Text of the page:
Prevalenceepidemiology

Systemic scleroderma appears worldwide and affects all races. Women overall are affected approximately three times as often as men and even more often during the late childbearing and early menopausal years. Although, no strong racial predilection has been reported, certain incidence data suggest, that blacks have a higher risk of developing the disease than whites. The annual incidence has been estimated to be between 0.6 and 19 cases

Disease activity score from EUSTAR

Parameter Scorea Evaluation

Modified Rodnan skin

1

Evaluation of skin thickness on a scale from 0 (normal) to 3 (very strong) in 17

score>14

anatomical areas resulting in overall scores between 0 and 51

Scleredema

0.5

Swelling and increase in connective tissue with loss of wrinkles and rete patterns

Skin

2

On being asked, whether the skin manifestations have changed during the last month,

the patient confirms a worsening

Digital ulcers

0.5

Active digital ulcers are present

Vascular

0.5

The patient declares, that his/her perfusion problems have worsened during the last

month

Arthritisb

0.5

Symmetric swelling and hyperesthesia of peripheral joints

DLCOc

0.5

DLCO <80% of the predicted value

Heart/lungs

2

The patient confirms, that his heart-/lung problems have worsened during the last

month

ESR>30

1.5

Westergren-method

Hypocomplementemia

1

Either low C3 or C4 according to any quantitation method

Note: Various parameters are determined including skin score, digital ulcers and parameters reflecting systemic affection. The disease is considered to be active, if the score equals or exceeds 3.

a The disease is considered to be active, if the total score equals or exceeds 3. b Excluding articular or periarticular inflammation caused by subcutaneous crystals. c CO2-diffusion capacity.

Note: Various parameters are determined including skin score, digital ulcers and parameters reflecting systemic affection. The disease is considered to be active, if the score equals or exceeds 3.

a The disease is considered to be active, if the total score equals or exceeds 3. b Excluding articular or periarticular inflammation caused by subcutaneous crystals. c CO2-diffusion capacity.

Table 2

ACR criteria for systemic scleroderma

Table 2

ACR criteria for systemic scleroderma

Major criterion

Minor criteria

Proximal scleroderma

Sclerodactyly

Digital pitting scars

Bibasilar pulmonary fibrosis

Note: Either one major or two minor criteria have to be fulfilled.

Note: Either one major or two minor criteria have to be fulfilled.

per million population. The reported prevalence of SSc is between 19 and 75 per 100,000 persons. The real numbers are probably underestimated, as many patients are diagnosed at very late stages of the disease. The incidence increases with age, peaking in the principal manifestation age, which is between 45 and 55 years (Ioannidis et al., 2005; Mayes et al., 2003; Medsger et al., 1971).

Although SSc is not considered to be an inheritable disorder, an exceptionally high prevalence of SSc (472 per 100,000 persons) has been noted in the Choctaw Native Americans in Oklahoma. An individual also appears to have a higher risk of developing SSc, if it has occurred in a first-degree relative. Attempts to prove associations between certain human leukocyte antigens and the susceptibility to SSc have not lead to strong correlations. Still, the occurrence of anticentromere antibodies has been shown to be associated with HLA-DRp1*0101 and HLA- DQp1*0501. Similar associations have been suggested for the other autoantibodies and antigens, as well.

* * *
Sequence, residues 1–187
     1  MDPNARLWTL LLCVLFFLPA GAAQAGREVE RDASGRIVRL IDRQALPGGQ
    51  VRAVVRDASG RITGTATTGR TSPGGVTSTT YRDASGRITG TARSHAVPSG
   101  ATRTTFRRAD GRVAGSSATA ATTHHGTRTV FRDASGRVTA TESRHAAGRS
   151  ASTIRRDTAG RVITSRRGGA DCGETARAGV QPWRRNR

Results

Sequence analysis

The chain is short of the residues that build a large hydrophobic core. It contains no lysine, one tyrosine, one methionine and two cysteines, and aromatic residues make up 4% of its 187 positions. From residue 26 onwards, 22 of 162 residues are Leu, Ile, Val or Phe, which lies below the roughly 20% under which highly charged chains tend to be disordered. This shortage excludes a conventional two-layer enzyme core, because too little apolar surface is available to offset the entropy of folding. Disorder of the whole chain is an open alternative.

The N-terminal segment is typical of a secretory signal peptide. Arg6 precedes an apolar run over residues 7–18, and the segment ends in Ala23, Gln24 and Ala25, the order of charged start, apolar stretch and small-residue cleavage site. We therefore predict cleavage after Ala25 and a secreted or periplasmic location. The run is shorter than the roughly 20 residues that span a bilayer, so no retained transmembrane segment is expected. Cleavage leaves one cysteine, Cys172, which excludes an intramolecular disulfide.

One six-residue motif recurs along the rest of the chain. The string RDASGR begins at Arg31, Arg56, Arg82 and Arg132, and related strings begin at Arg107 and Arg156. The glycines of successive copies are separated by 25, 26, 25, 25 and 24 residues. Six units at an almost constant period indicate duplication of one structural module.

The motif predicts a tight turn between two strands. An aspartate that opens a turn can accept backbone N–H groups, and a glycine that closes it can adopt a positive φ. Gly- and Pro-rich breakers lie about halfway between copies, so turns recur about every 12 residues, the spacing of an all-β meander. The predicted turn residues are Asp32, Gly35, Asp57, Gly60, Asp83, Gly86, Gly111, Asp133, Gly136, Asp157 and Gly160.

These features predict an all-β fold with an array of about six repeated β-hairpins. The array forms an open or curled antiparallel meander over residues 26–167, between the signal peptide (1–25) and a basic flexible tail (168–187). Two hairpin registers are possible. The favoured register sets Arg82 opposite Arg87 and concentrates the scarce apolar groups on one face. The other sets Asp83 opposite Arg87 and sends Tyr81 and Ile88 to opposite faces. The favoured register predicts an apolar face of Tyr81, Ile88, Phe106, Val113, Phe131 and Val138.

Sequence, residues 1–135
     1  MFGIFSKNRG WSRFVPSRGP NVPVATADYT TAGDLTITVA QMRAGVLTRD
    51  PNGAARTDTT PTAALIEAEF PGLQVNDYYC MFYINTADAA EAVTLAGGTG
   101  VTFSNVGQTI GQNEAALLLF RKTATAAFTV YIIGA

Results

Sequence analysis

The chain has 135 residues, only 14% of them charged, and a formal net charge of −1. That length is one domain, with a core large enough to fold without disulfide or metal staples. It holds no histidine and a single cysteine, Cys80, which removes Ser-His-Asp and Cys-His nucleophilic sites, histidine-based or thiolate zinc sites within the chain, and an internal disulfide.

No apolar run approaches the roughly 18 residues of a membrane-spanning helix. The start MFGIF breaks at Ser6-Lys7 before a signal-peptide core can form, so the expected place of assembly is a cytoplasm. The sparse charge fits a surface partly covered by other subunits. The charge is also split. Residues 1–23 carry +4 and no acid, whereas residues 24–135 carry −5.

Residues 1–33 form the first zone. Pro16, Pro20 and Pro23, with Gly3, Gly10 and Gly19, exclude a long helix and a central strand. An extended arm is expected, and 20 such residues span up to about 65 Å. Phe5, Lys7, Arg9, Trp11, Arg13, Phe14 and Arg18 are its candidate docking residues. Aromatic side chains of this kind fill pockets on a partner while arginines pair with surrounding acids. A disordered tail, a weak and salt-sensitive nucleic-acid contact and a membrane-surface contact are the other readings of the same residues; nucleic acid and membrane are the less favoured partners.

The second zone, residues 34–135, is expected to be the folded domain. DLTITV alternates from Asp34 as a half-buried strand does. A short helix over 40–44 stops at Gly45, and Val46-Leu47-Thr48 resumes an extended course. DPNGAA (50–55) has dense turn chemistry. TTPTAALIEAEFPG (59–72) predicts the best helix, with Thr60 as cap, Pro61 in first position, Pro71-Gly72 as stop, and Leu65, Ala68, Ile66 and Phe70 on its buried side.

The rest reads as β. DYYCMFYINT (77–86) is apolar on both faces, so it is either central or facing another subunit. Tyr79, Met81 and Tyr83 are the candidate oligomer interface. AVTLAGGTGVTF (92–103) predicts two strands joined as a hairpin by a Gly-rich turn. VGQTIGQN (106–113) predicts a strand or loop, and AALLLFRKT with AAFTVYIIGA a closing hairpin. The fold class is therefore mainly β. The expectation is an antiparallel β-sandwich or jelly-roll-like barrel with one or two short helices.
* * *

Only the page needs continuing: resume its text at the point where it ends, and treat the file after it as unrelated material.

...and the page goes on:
It has long been discussed that infectious agents may play a role in SSc.

The environment could also have an effect, as gold miners have a higher incidence for SSc, suggesting that silica dust may be a predisposing factor. Other environmental agents involved may include polyvinylchloride, epoxy resins and aromatic hydrocarbons, such as benzine, toluene, and trichloroethylene. Pentazocine and bleomycin have also been considered as putative causes for SSc.

3. Etiology/pathogenesis of skin fibrosis

The etiology of SSc still remains obscure. Certain features like lymphocytic infiltration in the skin, antinuclear antibodies, and the occurrence of overlap syndromes with lupus erythematodes, der-matomyositis or Sjogren's syndrome point toward an autoimmune pathogenesis. Several disease models hypothesize, that genetically predisposed

Table 3

Characteristics of the dSSc lSSc subtypes of systemic scler-oderma

Diffuse cutaneous SSc (dSSc)

Onset of Raynaud's syndrome less than one year before skin changes

Skin changes also affecting trunk and proximal extremities

Tendon friction rubs

Increased incidence of organ damages:

Interstitial pulmonary

Renal insufficiency

Diffuse gastro-intestinal affection

Myocardial complications

No anti-centromeric antibodies Scl-70-autoantibodies

Capillaroscopy: dilatation and destruction of capillaries

Limited cutaneous SSc (lSSc)

Long history (10-15 years) of Raynaud's syndrome

Skin affection distal to elbows and knees only

Risk of pulmonary arterial hypertension and

Trigeminal neuralgias

Subcutaneous calcifications

Teleangiectasias

Often associated with anti-centromere antibodies Capillaroscopy: dilated capillaries

individuals (with certain HLA characteristics) may develop an immune response on contact to external triggers like infectious agents, certain autoantigens, or cell components previously unen-countered by the immune system.

The outstanding feature of SSc is overproduction and accumulation of collagen and other extracellular matrix proteins, including fibronectin, tenascin, and glycosaminoglycans, in skin and other organs. The disease process involves immu-nologic mechanisms, vascular endothelial cell activation and/or injury, and activation of fibroblasts resulting in production of excessive collagen.